Labor and capital in the U.S. have been moving from "frostbelt" places to "sunbelt" destinations for many years. Climate matters.
A recent paper by Gyourko-Glaeser (I still cannot link from my European hotel computer but the paper is easy to find) made the point that much of urban captal stock, including housing, is durable and takes many years to whither. Simply cover variable costs and this stuff (including many old U.S. cities) hangs on for many years. And variable costs can be covered by low-income and/or welfare populations. Old and run-down places will be around for years to come.
What about the exceptions to the rule? Ed Glaeser's recent NBER paper cites New York City and the productivity gains from high densities of human capital. Tom Wolfe famously asked whether the CEOs like Manhattan because the great chefs are there or whether it is vice-versa.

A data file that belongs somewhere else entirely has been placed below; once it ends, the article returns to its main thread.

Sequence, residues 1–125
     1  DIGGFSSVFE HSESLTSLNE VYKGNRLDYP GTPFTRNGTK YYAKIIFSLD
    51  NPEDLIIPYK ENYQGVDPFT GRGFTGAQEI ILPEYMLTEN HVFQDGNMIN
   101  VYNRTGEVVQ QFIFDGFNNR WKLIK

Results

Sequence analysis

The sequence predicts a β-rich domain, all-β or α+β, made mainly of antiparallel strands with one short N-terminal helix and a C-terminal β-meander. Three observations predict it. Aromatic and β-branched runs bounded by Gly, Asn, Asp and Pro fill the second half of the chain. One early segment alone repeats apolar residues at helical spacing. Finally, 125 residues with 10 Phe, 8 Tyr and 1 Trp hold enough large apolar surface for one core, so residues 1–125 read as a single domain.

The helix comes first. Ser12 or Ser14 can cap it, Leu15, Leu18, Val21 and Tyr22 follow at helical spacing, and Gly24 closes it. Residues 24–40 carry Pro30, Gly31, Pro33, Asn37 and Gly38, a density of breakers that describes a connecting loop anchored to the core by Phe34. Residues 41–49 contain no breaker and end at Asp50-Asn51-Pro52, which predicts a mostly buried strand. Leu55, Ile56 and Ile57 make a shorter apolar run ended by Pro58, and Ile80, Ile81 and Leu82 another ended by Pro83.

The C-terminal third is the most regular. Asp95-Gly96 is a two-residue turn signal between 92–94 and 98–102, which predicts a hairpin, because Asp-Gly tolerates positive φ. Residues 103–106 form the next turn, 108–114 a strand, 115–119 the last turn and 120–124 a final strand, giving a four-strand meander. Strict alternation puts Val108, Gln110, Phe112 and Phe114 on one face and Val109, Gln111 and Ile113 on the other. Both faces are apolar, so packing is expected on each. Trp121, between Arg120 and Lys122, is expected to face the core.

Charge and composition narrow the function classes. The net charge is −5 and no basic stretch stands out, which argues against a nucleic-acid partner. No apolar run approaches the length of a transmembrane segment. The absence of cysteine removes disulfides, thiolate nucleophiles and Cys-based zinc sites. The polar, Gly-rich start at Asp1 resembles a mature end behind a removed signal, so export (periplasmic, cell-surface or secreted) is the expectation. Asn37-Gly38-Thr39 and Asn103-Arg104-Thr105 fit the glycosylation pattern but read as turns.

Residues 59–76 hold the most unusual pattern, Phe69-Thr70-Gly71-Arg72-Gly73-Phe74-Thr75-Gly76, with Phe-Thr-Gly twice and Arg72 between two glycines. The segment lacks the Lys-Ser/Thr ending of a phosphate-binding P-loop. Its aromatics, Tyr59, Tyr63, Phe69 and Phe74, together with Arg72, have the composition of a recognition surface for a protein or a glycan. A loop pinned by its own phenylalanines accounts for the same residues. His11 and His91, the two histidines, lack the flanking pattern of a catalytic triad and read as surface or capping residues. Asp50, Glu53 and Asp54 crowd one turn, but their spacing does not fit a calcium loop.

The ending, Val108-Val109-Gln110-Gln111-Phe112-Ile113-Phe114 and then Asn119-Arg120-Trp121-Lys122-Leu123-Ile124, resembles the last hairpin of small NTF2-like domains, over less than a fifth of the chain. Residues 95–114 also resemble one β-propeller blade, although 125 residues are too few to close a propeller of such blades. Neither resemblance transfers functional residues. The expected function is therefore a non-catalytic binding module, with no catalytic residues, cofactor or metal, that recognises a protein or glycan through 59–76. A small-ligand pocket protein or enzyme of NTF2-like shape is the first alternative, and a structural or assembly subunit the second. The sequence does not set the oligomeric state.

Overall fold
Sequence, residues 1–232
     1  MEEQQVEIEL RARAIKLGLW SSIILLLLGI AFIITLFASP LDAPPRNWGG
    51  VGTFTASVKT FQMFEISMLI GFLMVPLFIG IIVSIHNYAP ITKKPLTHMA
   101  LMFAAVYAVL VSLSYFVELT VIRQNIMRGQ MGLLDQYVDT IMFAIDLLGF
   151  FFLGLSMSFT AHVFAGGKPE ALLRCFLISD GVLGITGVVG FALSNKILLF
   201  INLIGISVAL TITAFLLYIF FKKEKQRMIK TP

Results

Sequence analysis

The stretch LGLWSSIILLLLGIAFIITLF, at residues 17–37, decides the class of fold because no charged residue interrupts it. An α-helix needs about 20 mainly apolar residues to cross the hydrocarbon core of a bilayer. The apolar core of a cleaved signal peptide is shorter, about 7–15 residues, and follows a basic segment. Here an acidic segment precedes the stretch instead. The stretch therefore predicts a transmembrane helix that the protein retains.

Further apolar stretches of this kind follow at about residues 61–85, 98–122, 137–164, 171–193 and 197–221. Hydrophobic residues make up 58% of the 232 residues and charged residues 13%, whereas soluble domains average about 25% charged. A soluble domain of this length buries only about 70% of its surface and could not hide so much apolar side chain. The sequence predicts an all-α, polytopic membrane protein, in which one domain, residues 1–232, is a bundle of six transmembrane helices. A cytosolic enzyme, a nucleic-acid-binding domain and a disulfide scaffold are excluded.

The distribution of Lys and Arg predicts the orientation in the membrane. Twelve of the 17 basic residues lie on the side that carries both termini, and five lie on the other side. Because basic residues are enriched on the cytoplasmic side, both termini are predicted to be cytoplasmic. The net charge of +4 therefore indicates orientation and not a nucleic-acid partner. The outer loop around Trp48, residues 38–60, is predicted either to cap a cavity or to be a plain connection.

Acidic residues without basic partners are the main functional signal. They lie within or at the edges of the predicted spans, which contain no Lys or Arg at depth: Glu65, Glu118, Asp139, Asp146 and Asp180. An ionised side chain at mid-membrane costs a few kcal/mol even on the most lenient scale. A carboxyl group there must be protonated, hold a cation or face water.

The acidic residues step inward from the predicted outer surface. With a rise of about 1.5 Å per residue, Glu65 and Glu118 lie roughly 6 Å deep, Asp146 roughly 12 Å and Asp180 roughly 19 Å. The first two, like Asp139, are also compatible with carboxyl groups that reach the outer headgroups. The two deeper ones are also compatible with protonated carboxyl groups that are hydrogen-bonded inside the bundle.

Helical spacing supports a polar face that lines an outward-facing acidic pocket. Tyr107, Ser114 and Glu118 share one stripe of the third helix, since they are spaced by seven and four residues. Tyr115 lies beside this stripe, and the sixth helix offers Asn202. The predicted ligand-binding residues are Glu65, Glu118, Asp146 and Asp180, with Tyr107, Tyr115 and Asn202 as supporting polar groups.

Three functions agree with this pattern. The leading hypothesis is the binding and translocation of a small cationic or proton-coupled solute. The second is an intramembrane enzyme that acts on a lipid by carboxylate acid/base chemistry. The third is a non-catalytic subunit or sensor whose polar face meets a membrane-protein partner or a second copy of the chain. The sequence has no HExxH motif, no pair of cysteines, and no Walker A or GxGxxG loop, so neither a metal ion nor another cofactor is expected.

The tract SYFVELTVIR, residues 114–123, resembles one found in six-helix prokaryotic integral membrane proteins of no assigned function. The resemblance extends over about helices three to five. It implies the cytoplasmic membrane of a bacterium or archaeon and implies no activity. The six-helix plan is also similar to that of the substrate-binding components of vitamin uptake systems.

Densities, however, are a funny thing. They vary drastically as geographic definitions change. New York has the nation's highest city density while Los Angeles has the highest urbanized area density. Agglomeration economies surely matter for Silicon Valley but the place, according to some, straddles San Francisco Bay.
Apparently, it takes both insights -- the long life of the NYC building stock that houses immigrants and other low-income families and the propinquity of CEOs, chefs, sex-and-the-city types, etc. -- to explain the Frostbelt success stories. Besides, even the sunbelt-to-frostbelt migration cannot go to the point where it empties half the country. There will always be some outposts.
Also, Fred Siegel's writings re New York City politics point to much that is dysfunctional -- and a continuing challenge to the area's peculiar advantages.
When the housing "froth and fizz" dissipate, differential rates of slowdown will be worth studying.